The controller is to exercise his or her powers so as to ensure that there is no unreasonable discrimination between licensees, or prospective licensees, under the scheme or licence to which the reference or application relates and licensees under other schemes operated by, or other licences granted by, the same person.
In considering the charges to be set for a licence, the controller is to take account of the underlying rights relating to the work concerned. The may be more than one class of copyright involved.
Following enquiry, the Minister may make a statutory licence in respect of the educational use of certain works.
An EU directive on collective management of copyright and related works and multi-territorial licensing of works in the internal market was made in 2014. The directive provides for organisation and transparency of collective management organisations.
A collective management organisation is an organisation authorised by law or by assignment or licence to manage copyright and related rights on behalf of rights owners for their collective benefit. The organisation is to be owned or controlled by members on a not-for-profit basis.
The legislation sets out how collective management organisations are to be organised and how they are to operate. Transparency obligations apply. They must act in the best interests of rights holders.Rules are too set out the terms of membership.
They are to be governed by an assembly of members which is to meet annually at least in relation to an is to deal with the following issues
- policy on the distribution of amounts due
- policy on undistributable funds because of untraced rights holders
- investment policy
- risk management policy
- approval of mergers and alliances
The directive provides for multi-territorial licensing for the online distribution of musical works. There are provisions for representation agreements between collective management organisations for multi-territorial licensing. There are incentives for organisations to cooperate with multi-territorial licensing arrangements.
There are mechanisms to deal with refusals of failures of organisations to accede to requests from other collective organisations to enter into representation agreements. Alternative dispute resolution mechanisms are provided.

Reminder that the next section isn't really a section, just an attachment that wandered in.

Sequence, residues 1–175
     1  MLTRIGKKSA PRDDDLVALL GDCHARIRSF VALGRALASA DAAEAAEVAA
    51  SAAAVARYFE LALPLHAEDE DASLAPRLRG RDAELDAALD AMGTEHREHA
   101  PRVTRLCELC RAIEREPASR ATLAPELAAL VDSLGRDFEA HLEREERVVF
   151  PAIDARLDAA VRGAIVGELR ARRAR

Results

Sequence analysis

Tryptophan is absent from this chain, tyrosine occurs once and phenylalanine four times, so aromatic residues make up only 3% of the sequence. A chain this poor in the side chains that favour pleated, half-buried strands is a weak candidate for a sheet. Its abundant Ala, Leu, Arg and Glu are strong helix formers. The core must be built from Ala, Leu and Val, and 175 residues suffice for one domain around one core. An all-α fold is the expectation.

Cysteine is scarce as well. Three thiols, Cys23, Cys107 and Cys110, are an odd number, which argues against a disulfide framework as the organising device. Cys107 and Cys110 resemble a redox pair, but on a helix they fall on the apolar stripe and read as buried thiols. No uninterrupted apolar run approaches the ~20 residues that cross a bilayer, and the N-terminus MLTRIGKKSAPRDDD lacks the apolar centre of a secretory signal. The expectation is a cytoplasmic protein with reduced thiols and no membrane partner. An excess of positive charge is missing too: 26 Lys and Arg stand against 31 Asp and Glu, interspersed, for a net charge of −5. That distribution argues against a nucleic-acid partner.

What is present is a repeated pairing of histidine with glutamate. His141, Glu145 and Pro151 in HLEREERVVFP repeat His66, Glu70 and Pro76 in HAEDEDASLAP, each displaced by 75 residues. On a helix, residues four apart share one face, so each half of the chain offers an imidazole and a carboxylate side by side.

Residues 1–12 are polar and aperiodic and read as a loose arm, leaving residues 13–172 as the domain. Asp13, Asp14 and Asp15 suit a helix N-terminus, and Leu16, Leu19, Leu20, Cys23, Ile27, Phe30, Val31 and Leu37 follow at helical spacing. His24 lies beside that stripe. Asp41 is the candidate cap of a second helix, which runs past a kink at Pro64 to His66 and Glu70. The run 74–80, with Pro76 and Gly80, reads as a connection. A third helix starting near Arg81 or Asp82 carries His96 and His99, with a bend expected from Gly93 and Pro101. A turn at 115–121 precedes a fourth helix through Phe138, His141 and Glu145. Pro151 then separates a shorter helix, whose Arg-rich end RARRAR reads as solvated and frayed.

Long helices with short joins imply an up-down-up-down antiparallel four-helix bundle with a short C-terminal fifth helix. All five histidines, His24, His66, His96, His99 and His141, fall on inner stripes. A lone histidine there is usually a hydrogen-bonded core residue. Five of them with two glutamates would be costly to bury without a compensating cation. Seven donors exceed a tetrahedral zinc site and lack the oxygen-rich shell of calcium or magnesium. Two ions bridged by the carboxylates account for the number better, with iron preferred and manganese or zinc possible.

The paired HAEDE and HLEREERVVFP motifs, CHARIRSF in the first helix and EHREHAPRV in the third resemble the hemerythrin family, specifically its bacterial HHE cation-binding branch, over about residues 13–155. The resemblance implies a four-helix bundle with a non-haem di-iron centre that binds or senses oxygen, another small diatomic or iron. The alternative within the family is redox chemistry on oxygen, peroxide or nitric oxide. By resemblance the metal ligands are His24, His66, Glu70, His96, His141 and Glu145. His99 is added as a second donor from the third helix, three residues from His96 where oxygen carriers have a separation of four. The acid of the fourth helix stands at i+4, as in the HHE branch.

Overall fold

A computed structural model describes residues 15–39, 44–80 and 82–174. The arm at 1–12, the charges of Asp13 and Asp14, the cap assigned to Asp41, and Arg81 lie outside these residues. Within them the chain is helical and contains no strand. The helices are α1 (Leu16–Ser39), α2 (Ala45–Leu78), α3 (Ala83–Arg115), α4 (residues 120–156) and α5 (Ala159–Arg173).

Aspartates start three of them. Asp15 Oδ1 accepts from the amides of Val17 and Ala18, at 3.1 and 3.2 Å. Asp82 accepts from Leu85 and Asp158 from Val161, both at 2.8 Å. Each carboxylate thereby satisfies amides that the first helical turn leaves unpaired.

Operation of Management Organisations
The operation of the society will be delegated to an advisory body. There are mandatory provisions in relation to the distribution of income. The provisions are designed to prevent discrimination.
The duties of good faith on users and collective management organisations. Licence terms must be on objective and non-discriminatory criteria and provide for reasonable charges. Negotiations are to be on a transparent basis. Decisions are to be made without undue delay. Reasoned statements must be given for the refusal of a licence.
Rights holders must furnish at least annually information on revenue attributed or distributed as well as outstanding revenue or the rights holder.
Important Notice! This website is provided for informational purposes only! It is a fundamental condition of the use of this website that no liability is accepted for any loss or damage caused by reason of any error, omission, or misstatement in its contents.
Draft Articles; The articles on this website are in draft form and are subject to further review for typographical errors and, in some cases, updating and correction. It is intended to include references to the sources of materials and acknowledgements in the final version. The content of articles with [EU] in the title and some of the articles in the section on Agriculture are a reproduction of or are based on European or Irish public sector information.